Colorectal Cancer Rates Spike in Younger Adults
More than 1.3 million people are living with colorectal cancer in the United States, and nearly 140,000 new cases are diagnosed every year. The good news is that timely screening and early treatment are reducing the number of deaths from the disease. The bad news is that colorectal cancer rates have risen dramatically among younger patients.
According to a recent study from the American Cancer Society, people born in 1990 have double the risk of developing colon cancer and quadruple the risk of developing rectal cancer as someone born in 1950.
“Typically, colorectal cancer is thought of as a disease that affects older adults,” says David A. Berg, MD, a board-certified, fellowship-trained surgeon at Jefferson Health – Northeast. “For that reason, it may not be on a younger person’s radar as a potential cause for the symptoms they are experiencing.”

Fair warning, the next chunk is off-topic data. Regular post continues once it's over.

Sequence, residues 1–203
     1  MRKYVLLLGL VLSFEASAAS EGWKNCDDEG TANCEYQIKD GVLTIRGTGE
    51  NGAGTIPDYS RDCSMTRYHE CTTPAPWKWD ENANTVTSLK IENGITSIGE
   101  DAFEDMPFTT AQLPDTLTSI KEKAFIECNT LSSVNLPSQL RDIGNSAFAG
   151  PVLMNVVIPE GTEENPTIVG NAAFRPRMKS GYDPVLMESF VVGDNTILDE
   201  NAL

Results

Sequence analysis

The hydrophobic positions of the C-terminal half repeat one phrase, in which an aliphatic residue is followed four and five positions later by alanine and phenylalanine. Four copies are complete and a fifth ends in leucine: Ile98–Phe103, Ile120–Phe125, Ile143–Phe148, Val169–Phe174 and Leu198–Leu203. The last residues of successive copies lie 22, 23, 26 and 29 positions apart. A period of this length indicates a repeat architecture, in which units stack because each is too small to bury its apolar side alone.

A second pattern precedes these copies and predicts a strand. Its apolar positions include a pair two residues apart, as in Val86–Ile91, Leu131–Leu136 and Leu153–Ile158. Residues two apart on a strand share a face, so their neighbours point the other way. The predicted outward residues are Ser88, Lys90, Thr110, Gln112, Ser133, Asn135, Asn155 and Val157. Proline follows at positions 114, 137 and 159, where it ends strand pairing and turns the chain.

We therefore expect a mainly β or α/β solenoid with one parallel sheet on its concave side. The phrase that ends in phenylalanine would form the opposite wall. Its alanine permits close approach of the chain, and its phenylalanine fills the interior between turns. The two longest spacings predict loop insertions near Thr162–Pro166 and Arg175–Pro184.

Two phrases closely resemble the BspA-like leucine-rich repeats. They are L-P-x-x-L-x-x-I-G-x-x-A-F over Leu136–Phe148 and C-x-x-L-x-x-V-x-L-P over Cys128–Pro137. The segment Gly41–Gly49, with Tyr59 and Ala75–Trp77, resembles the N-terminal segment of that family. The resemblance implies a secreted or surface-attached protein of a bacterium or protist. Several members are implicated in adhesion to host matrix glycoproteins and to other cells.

The disease and its symptoms are now something everyone should be aware of, since early detection and treatment is the key to survival, he says. Potential symptoms are:
- A change in bowel habits, such as diarrhea or constipation
- Rectal bleeding
- Stomach pain, gas, and cramping
- Weakness and fatigue
- Unexplained weight loss
Any of these symptoms should be followed up with a doctor’s appointment immediately.
It’s not clear why some people develop colorectal cancer while others do not; some people inherit gene mutations that increase their risk for developing the disease. However, in the majority of cases, colorectal cancer is sporadic and not inherited, and may be related to lifestyle choices such as excess body weight, high consumption of processed meat and alcohol, low levels of physical activity and fiber consumption, and cigarette smoking.